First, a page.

Volume 7, Issue 2
February 24, 2018 – March 2, 2019
Neha Chauhan '21 | Joseph Kawalec '21 | Amy Amatya '21 | Patrick Huang ‘21 | Rei Zhang ‘21


The Nord Stream 2 Gas Pipeline Moves On    February 16, 2019 | The Economist  Despite concerns over the project from other European countries, the Nord Stream 2 (NS2) gas pipeline spanning the Baltic Sea from Germany and Russia is nearing completion. Ukraine, in particular, balks at the prospect of Russia expanding its geopolitical influence through NS2 and of losing revenue if Russian companies transport less gas through Ukrainian territory in the future. Regulations in the European Union that have acted successfully as safeguards in the past may only delay this project. Because half of Germany's heating comes from gas and its leadership might want the opportunity to sell gas to its neighbors, the European giant has a large claim in the pipeline and is resistant to its opposition. Although America may be able to intervene with sanctions on the premise of protecting European security, it seems more likely that NS2 will continue on its current trajectory. -PH

The Nord Stream 2 Gas Pipeline Moves On
February 16, 2019 | The Economist
Despite concerns over the project from other European countries, the Nord Stream 2 (NS2) gas pipeline spanning the Baltic Sea from Germany and Russia is nearing completion. Ukraine, in particular, balks at the prospect of Russia expanding its geopolitical influence through NS2 and of losing revenue if Russian companies transport less gas through Ukrainian territory in the future. Regulations in the European Union that have acted successfully as safeguards in the past may only delay this project. Because half of Germany's heating comes from gas and its leadership might want the opportunity to sell gas to its neighbors, the European giant has a large claim in the pipeline and is resistant to its opposition. Although America may be able to intervene with sanctions on the premise of protecting European security, it seems more likely that NS2 will continue on its current trajectory. -PH


Keeping the Lights On After Brexit: No Deal’s Impact on Energy    February 20, 2019 | Bloomberg | Helen Robertson  Despite plans to leave the European Union on March 29, Britain currently has yet to outline a plan for international trade. While leaving the EU doesn’t mean that Britain will lose gas and electricity, their decoupling from the European energy market could mean less efficient and more uncertain energy trade, meaning higher consumer prices. To prevent potential power delays as Britain makes its switch, companies have begun stockpiling equipment like wind turbine blades and power generators. There are already arrangements in place that would expedite nuclear power trade with the EU, which would hopefully offset inefficient fossil fuel trade brought on by a No-Deal. Factors like reverting to the World Trade Association’s rules of trade, decreased employment due to immigration restrictions, and decreased investment due to political uncertainty could introduce additional costs. -AA     House Opens Inquiry Into Proposed U.S. Nuclear Venture in Saudi Arabia    February 19, 2019 | New York Times | Nicholas Fandos and Mark Mazzetti  Democrats in Congress recently came out with a report indicating that key members of the Trump administration pushed to sell nuclear power plants to Saudi Arabia in the first few months of the administration and possibly more recently. This push occurred despite objections from White House lawyers and members of the National Security Committee, says the 24-page report from the House Oversight and Reform Committee. The report alleges that senior officials, including Michael Flynn, the former National Security Advisor, worked to allow the spread of nuclear technology to Saudi Arabia. Democrats have opened a full inquiry into the incident for further investigation. -RZ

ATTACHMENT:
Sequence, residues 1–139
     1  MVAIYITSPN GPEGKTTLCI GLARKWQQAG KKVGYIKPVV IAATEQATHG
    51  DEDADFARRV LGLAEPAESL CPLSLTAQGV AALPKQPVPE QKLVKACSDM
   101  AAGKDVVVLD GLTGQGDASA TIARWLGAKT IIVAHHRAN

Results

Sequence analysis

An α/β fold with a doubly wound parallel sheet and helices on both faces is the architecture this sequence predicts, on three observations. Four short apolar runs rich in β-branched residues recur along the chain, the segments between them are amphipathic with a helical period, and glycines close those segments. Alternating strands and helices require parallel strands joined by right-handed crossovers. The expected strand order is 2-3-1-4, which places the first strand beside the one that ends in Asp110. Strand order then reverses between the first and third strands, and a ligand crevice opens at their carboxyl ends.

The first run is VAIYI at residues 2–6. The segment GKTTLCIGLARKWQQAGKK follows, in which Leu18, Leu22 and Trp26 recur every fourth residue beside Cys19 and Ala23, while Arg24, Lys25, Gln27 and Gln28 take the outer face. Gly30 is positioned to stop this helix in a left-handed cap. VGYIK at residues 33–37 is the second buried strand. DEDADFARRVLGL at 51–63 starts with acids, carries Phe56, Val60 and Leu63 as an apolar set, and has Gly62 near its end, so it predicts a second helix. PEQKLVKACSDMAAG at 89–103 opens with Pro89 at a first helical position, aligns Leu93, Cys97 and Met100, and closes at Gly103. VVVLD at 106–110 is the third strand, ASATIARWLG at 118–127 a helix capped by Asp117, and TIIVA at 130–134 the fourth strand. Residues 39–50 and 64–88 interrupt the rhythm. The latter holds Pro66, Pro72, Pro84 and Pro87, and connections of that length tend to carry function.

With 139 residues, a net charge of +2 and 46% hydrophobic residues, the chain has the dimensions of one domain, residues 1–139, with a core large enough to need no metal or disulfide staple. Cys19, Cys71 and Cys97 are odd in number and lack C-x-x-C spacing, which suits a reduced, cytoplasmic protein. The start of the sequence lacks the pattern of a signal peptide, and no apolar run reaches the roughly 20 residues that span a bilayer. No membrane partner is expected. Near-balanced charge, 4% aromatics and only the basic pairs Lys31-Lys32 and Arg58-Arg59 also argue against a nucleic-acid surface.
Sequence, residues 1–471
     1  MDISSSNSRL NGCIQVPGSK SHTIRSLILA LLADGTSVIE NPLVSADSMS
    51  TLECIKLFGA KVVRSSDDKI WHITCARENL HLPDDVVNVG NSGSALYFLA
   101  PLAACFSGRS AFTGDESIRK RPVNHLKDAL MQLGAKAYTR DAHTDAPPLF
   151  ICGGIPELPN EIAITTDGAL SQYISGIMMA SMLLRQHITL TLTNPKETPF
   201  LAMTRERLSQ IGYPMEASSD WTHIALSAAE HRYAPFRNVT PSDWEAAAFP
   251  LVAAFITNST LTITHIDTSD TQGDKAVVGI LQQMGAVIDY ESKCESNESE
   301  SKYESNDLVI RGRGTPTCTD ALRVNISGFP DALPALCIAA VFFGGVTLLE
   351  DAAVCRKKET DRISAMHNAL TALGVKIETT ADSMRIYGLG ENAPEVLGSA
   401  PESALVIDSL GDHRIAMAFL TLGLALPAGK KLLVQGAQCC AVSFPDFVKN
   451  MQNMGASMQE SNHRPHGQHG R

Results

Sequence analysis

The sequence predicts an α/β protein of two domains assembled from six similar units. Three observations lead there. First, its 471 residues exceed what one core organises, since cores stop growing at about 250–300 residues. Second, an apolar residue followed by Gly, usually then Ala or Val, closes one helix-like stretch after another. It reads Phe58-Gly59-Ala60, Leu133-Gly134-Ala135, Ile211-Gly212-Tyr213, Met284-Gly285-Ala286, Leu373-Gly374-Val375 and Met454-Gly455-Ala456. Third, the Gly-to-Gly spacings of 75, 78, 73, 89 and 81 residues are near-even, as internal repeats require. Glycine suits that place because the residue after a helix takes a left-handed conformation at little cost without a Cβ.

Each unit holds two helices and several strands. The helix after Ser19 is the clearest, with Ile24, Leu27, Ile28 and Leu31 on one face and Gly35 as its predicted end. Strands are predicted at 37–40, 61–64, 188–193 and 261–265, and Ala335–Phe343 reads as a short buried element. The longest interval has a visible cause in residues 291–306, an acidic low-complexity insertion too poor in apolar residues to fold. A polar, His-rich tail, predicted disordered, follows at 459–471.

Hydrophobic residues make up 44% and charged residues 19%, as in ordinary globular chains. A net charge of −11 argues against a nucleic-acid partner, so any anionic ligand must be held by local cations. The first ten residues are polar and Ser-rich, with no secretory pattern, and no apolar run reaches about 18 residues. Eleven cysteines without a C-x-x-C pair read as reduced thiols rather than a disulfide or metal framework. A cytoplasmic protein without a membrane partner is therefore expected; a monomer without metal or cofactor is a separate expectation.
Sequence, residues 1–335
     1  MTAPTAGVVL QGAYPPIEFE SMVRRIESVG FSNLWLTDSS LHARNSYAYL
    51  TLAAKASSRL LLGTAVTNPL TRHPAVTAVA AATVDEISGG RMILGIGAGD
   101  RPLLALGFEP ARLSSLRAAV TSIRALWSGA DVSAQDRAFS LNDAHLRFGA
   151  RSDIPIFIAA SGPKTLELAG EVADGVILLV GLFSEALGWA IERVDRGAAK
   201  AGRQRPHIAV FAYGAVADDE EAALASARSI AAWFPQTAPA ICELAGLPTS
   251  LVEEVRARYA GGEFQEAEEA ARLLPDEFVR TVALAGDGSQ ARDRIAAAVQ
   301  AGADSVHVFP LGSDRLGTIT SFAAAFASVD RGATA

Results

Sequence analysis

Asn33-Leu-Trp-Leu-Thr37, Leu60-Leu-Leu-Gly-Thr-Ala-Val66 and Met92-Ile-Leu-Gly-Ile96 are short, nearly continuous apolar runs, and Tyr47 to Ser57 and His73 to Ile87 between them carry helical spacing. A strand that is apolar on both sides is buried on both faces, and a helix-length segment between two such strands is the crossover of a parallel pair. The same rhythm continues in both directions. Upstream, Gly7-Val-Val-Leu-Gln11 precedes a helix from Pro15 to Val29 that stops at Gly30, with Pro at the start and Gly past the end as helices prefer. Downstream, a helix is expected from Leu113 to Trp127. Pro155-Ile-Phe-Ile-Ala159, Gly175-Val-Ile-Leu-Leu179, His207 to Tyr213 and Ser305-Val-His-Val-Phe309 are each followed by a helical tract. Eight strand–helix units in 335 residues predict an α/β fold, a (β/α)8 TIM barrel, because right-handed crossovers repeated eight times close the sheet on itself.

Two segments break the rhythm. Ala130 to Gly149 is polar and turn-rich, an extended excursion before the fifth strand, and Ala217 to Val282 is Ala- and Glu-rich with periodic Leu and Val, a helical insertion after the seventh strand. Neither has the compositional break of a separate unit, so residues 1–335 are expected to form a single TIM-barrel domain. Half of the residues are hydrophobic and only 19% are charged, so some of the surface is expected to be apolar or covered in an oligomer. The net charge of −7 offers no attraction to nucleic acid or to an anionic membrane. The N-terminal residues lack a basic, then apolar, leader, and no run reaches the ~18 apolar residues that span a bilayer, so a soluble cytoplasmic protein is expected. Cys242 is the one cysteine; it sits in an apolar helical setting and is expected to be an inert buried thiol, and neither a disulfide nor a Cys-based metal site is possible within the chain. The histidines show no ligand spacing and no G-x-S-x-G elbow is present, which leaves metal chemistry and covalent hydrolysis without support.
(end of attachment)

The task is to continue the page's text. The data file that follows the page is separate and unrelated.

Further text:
Keeping the Lights On After Brexit: No Deal’s Impact on Energy
February 20, 2019 | Bloomberg | Helen Robertson
Despite plans to leave the European Union on March 29, Britain currently has yet to outline a plan for international trade. While leaving the EU doesn’t mean that Britain will lose gas and electricity, their decoupling from the European energy market could mean less efficient and more uncertain energy trade, meaning higher consumer prices. To prevent potential power delays as Britain makes its switch, companies have begun stockpiling equipment like wind turbine blades and power generators. There are already arrangements in place that would expedite nuclear power trade with the EU, which would hopefully offset inefficient fossil fuel trade brought on by a No-Deal. Factors like reverting to the World Trade Association’s rules of trade, decreased employment due to immigration restrictions, and decreased investment due to political uncertainty could introduce additional costs. -AA